Renal Physiology & Anesthesia
The kidneys play a vital role in regulating the volume and composition of body fluids, eliminating toxins, and elaborating hormones, including renin, eryth-ropoietin, and the active form of vitamin D. Factors directly and indirectly related to operative proce-dures and to anesthetic management frequently have a physiologically significant impact on renal physiology and renal function, and may lead to peri-operative fluid overload, hypovolemia, renal insuf-ficiency, and kidney failure, which are major causes of perioperative morbidity and mortality.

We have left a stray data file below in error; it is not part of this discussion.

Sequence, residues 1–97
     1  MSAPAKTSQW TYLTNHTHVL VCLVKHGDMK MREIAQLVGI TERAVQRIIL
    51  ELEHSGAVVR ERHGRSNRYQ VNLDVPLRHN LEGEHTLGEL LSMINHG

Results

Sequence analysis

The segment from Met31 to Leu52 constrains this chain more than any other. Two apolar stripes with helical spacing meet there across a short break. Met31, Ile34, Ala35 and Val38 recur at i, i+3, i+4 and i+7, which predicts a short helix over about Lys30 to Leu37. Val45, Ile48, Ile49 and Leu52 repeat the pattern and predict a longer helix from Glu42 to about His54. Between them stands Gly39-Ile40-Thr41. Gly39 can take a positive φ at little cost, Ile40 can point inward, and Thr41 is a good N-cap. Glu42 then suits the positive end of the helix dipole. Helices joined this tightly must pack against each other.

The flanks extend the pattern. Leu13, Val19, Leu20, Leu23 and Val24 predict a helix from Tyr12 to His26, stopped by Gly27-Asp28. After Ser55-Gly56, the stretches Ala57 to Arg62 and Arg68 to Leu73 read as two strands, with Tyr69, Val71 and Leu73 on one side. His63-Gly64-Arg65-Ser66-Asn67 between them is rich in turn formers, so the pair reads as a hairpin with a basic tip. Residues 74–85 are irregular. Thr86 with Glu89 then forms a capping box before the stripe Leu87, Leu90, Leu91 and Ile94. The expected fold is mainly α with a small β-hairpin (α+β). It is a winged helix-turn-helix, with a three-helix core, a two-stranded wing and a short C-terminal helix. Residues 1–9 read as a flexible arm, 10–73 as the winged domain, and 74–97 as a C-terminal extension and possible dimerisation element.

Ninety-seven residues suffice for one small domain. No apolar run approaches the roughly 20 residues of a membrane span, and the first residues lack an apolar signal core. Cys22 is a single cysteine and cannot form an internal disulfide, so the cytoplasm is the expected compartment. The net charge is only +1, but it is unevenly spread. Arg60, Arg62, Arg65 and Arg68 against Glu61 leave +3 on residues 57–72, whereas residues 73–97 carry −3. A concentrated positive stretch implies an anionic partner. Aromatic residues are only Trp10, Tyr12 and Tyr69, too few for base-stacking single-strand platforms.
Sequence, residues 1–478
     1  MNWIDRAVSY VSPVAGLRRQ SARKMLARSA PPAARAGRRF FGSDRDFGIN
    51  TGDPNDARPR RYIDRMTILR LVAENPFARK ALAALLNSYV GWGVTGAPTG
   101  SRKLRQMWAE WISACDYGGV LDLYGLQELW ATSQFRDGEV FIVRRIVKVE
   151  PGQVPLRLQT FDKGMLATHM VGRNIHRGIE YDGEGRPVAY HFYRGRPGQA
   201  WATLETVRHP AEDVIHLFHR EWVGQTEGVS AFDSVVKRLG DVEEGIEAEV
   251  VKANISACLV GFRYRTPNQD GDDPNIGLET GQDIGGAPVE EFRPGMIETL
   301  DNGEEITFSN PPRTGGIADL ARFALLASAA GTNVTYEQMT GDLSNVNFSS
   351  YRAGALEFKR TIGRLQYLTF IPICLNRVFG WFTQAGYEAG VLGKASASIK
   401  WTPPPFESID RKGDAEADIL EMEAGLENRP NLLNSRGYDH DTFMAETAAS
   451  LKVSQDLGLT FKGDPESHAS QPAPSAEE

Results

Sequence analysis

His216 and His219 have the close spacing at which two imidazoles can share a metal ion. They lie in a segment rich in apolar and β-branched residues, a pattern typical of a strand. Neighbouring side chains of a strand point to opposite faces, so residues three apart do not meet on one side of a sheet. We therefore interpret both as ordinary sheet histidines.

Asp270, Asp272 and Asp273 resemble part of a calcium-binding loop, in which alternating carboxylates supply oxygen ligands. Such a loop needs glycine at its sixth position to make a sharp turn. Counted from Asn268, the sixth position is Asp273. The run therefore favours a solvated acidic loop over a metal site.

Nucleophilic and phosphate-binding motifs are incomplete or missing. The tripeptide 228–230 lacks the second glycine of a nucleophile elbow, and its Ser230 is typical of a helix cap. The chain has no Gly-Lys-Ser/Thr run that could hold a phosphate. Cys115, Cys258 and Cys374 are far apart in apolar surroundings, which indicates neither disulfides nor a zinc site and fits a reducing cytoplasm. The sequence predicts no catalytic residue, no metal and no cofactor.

Diuretics are frequently used in the periopera-tive period. Diuretics are commonly administered on a chronic basis to patients with cardiovascular disease, including hypertension and chronic heart failure, and to patients with liver and kidney disease. Diuretics may be used intraoperatively, particu-larly during neurosurgical, cardiac, major vascular, ophthalmic, and urological procedures. Familiarity with the various types of diuretics, their mecha-nisms of action, side effects, and potential anesthetic interactions, is therefore essential.